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10 Rules for Venue Photography from a Wedding Photographer | TakenPlace

10 Rules for Venue Photography from a Wedding Photographer

Generally professional wedding photographers are a friendly, upbeat group of people.

We have to be to do the job we do. After all we deal with people in the happiest day of their lives so it wouldn’t do to be a grumpy bugger would it?

But having had a fair bit of experience with crowds of keen amateur ‘togs whilst I’m working has taught me a few basic tricks that everyone can use to get the most out of their photography experience.

I’ll forgo the standard grumble about the back of Uncle Bob’s head appearing at the bottom of every group shot and move swiftly to my top 10 tips for taking photos at any kind of venue or event.


garden-550991_6401. Keep everyone happy

Remember where you are. Whether it’s a public garden or a private club there are people around you with their own interests, hobbies or reasons for being there. Be sensitive to their wishes as well as their rights. Try not to upset anyone as a grumpy photo bomber is no fun at all and will do nothing for your reputation.


2. Use the light

We’ve already discussed the power of light in our blog Get your shot on but it’s even more important when you’ve got varied lighting indoors or there are multiple photographers at play. Don’t overuse your flash as it may wash out some of your images.


3. Don’t trust your gadget

Linked with point #2, don’t trust your phone, tablet or camera knows what’s right. Check your photographs as you take them, if you haven’t captured the best of the scene, try overriding your device’s settings such as flash and capture mode.


4. Keep the aisle clear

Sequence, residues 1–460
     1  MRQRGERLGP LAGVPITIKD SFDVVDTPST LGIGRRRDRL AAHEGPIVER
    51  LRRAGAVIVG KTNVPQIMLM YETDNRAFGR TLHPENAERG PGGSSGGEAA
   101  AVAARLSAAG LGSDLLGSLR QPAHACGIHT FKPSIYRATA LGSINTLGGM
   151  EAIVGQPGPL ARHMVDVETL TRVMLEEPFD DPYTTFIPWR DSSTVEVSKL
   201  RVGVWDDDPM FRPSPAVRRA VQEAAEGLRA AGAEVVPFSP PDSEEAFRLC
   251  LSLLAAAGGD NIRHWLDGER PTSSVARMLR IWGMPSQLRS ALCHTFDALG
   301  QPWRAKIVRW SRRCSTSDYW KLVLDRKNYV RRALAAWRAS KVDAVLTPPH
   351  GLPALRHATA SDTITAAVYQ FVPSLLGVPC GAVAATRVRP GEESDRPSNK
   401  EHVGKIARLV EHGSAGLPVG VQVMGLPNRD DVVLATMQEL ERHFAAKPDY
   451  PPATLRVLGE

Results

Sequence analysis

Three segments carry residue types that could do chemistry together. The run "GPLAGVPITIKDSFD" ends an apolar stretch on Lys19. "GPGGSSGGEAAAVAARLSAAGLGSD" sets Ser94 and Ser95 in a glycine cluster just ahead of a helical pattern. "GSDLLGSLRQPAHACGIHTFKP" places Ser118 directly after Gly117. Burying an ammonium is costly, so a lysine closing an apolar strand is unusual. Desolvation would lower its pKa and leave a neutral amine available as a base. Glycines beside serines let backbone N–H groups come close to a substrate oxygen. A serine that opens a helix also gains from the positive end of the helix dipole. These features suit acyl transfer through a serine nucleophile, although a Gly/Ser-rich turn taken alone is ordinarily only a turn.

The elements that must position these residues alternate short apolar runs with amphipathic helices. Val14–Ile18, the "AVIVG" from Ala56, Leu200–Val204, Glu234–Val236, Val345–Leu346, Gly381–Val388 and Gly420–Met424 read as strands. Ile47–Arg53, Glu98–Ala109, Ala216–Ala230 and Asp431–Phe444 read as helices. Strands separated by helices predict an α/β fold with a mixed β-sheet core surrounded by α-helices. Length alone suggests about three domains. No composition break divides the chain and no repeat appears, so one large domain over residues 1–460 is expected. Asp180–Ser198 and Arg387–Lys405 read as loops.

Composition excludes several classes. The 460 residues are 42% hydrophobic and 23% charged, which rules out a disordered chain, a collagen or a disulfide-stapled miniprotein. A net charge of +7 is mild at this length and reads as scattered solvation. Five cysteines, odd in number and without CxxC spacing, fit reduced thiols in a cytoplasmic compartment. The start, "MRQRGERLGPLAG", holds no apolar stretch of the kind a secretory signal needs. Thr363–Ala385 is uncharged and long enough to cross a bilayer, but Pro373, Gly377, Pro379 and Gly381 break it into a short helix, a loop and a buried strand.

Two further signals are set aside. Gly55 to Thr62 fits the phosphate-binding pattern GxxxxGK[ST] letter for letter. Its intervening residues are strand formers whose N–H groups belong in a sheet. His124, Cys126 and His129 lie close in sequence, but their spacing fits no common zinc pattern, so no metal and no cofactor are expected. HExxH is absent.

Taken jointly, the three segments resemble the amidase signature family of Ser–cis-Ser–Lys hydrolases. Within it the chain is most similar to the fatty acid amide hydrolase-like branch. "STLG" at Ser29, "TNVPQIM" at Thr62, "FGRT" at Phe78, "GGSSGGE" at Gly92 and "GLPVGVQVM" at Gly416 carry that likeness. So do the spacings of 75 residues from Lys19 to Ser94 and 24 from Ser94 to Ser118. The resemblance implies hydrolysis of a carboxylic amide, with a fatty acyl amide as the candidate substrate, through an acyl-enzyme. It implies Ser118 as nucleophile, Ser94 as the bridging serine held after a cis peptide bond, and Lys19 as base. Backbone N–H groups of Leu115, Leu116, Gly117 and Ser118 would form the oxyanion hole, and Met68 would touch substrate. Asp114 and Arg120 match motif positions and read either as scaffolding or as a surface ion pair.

Be aware of your surroundings and don’t get too adventurous with your positioning. Obviously you want to get the best shot of the scene you can but don’t feel that means riding the aisle of a 747 during a turbulent landing. 😉


5. Charge and clear

Remember to ensure your camera battery is charged and your memory card empty (and IN!). No-one expects you to carry a full kit bag but a few simple preparation steps can really help you out.


photographer-390756_6406. Imitation is not always a compliment

You may find yourself at an event with photographers of all levels present. Don’t just look for the person with the biggest kit bag and follow them around. Why not take the photo from a different angle rather than trying to replicate someone else’s vision. This is what makes TakenPlace so unique, it’s all about your vision.


7. Capture the laughter

Be ready for spontaneous moments, this is where point ‘n’ click cameras can be a blessing. Capture the unexpected moment when the lead guitarist falls off the stage or the barman pulls off that once in a lifetime flair. Be ready to capture these moments and you could walk away with some real gems.


8. Share with care

Be considerate of what you’ve captured. Not everyone wants to be seen across social media and some moments are just that, moments. Consider how your photograph portrays the event and the people in it, and also who will see it once you’ve uploaded it to the Internet.


9. Backup as soon as you can

You’ve enjoyed your time and you’ve taken some treasured photographs of your own, ensure they stay able to be treasured by copying them to a computer or cloud service at the end of the day.


10. Enjoy yourself!

You may choose to make specific trips to take photographs for TakenPlace, especially for an assignment, but enjoy what you’re doing. Your emotion will come through in your work and the most upbeat and positive photographs are the ones that sell.


These rules may seem obvious enough but people often get caught up in the moment and forget their common sense. Even a pro ‘tog…. 😉

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